Insurance for your extras: What home insurance won't cover

Kim Porter

insurance for your extrasNow that the holiday decorations have been boxed up and the family members have departed, it's time to consider insuring your new expensive items against mishaps.

Since laptops may crash, your new puppy could get sick and bicycles can mysteriously disappear if unprotected, getting insurance for these items could make sense, says Frances Scott, an independent broker at F.A. Scott Insurance Agency in New York.

Scott has an example of this from her own life: "I have a daughter who I think replaces her phone at least five times a year," she says, adding that it's due to breakages most of the time. Scott's daughter pays her carrier a monthly fee for replacement coverage.

If you have received expensive new gifts for Christmas, you should consider whether getting extra coverage for your stuff makes sense for you.

How to get coverage for your insurance extras

1. Laptops, smartphones and tablets.

Most standard renters or homeowners policies cover these devices. But if you have to make a claim, you pay a deductible each time, and many people these days are opting for higher home insurance deductibles -- think $1,000 or more -- to save on the cost of premiums, says Jeanne Salvatore, senior vice president of public affairs for the nonprofit Insurance Information Institute.

So even if a brand-new iPhone 5S costs up to $849 to replace without the carrier's subsidy, it probably doesn't make sense to pay a $1,000 deductible and get a new phone that way. Plus, your premiums might climb if you start filing numerous claims, Salvatore says.

Several companies, including extended-warranty provider SquareTrade, offer standalone policies for laptops, smartphones, cameras and other gadgets. SquareTrade's two-year care plan for a 16-gigabyte iPhone 5S costs $99 upfront, and you'll pay a $75 deductible for each claim. The plan covers replacements or repairs from normal wear and tear, damage from drops and spills, and more.

Other companies such as Protect Your Bubble and Protect Cell offer plans with overnight replacement, identity-theft assistance, deductible-free policies and device buyback programs. However, there may be a waiting period before you can file a claim, and you'll need to read the fine print to see what's covered.

2. Bicycles.

Bicycles generally are covered under a renters or homeowners policy. However, if you have a high-value bike - some cyclists own bikes worth $1,000 and more - getting an endorsement an addition to your home or renters policy that would specifically insure the bike for an established value) may be a good bet.

According to the National Bicycle Dealers Association, Americans spent $6.1 billion on bicycles and their accessories in 2012.

For a bicycle worth $1,000, a premium through Velosurance would cost about $150 annually with a $100 deductible. This plan would include $25,000 in liability coverage. Extra options, such as medical payments and roadside assistance, are available. According to Velosurance, its plans cover more than a standard renters or homeowners policy would, such as damage from a crash, replacement rental, and coverage for clothing and bicycle parts.

But if you have a basic bike, it probably won't make sense to pay the extra insurance for it, Salvatore says.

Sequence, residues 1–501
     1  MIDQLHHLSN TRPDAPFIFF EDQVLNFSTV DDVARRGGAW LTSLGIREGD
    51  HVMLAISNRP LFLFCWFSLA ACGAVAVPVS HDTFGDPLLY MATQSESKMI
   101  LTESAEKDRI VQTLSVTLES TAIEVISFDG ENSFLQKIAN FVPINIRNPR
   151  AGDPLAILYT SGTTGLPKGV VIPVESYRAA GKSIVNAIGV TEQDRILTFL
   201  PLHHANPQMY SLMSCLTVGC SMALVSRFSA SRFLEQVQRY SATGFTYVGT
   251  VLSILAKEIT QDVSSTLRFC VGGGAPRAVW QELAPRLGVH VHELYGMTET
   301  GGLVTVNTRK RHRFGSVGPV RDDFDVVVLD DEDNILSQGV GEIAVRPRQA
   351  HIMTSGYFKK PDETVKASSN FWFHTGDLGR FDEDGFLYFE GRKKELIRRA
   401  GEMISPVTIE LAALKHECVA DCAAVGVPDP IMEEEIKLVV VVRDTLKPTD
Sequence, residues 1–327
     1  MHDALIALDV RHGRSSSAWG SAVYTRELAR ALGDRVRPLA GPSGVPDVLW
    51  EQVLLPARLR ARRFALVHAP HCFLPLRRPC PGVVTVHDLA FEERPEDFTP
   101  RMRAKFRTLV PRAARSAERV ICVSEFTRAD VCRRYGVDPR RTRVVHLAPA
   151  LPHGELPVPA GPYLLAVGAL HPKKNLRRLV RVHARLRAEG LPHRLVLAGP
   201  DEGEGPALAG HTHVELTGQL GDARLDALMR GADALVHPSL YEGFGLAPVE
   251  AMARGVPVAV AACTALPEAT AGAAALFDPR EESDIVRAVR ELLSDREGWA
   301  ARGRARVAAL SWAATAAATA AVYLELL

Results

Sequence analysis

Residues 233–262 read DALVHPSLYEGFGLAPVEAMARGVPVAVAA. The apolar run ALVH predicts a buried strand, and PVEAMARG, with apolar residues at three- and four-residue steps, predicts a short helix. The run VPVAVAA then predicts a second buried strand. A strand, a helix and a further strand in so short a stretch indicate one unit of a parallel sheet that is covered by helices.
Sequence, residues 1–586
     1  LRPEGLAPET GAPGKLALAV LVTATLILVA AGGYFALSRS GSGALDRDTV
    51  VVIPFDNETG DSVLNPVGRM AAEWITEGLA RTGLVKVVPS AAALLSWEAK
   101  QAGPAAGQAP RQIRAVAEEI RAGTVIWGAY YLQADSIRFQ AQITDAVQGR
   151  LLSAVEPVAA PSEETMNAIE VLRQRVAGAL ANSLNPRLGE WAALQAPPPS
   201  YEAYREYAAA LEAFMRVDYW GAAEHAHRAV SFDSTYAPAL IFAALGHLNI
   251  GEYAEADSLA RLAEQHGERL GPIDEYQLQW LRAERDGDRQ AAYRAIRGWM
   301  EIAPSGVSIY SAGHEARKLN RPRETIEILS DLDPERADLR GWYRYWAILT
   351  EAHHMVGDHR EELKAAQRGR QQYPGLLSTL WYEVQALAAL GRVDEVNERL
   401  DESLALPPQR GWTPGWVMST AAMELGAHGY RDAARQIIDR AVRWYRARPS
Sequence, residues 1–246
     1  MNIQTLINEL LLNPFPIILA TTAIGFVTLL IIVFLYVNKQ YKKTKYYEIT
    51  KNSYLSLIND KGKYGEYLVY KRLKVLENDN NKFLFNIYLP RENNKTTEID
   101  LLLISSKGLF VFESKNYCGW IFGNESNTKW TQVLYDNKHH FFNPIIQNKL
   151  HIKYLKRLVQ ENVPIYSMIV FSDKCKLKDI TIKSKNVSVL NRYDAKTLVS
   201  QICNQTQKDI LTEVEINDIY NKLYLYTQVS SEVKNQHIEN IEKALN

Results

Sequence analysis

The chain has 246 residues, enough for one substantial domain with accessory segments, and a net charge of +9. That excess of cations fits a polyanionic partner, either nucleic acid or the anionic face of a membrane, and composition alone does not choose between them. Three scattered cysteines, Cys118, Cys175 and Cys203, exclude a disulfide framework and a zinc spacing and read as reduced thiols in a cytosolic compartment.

3. Stored items.

You may find you have so much stuff that you need a storage unit.

Many renters or homeowners policies will cover your belongings in an off-premises storage unit, and a standard policy usually covers 10 to 15 percent of the overall amount of your homeowners insurance coverage, Scott says.

That means if your policy covers up to $150,000 worth of belongings, then up to $15,000 worth of your property is covered at the storage unit.

But Scott says some policies' coverage will exclude high-price items like jewelry or artwork. Much like a bicycle, you might need to get an endorsement to cover expensive items whether in storage or in your home, Scott says. This usually goes for things valued at about $2,000 and more, according to the III.

Sometimes Scott's clients opt to have a renters or homeowners policy plus the storage company's policy, she says. For example, Extra Space Storage offers plans that cover up to $10,000 worth of belongings for as low as $9 per month.

Check whether your plan has cash-value coverage, which will reimburse you for the depreciated value of your items, or replacement coverage, which will replace the items at today's price, Salvatore says. You'll usually pay about 10 percent more for the replacement coverage.

4. Pet health insurance.

Fido's health isn't normally covered under your own health policy nor homeowners, renters or auto insurance, Salvatore says.

The American Society for the Prevention of Cruelty to Animals says the cost of a serious pet accident or illness could climb to $3,000, depending on the incident. But most pet owners won't spend more than $500 for an emergency, according to a 2010 survey co-conducted by The Associated Press.

Pet health insurance normally reimburses you a percentage of what you spend on surgeries, emergency care and shots after an annual deductible is met. For example, a plan through Healthy Paws would cost $25 a month for a mixed-breed cat and would cover 80 percent of costs with a $200 annual deductible.

The insurance might not be worth it if the pet doesn't need a lot of health care. But if your pet has a serious accident and you have insurance for him, you won't have to make the choice of putting him to sleep if you can't afford care, Salvatore says, who insures her pet parrot.

See how much you could save today on your home insurance. Get your free home insurance quotes today!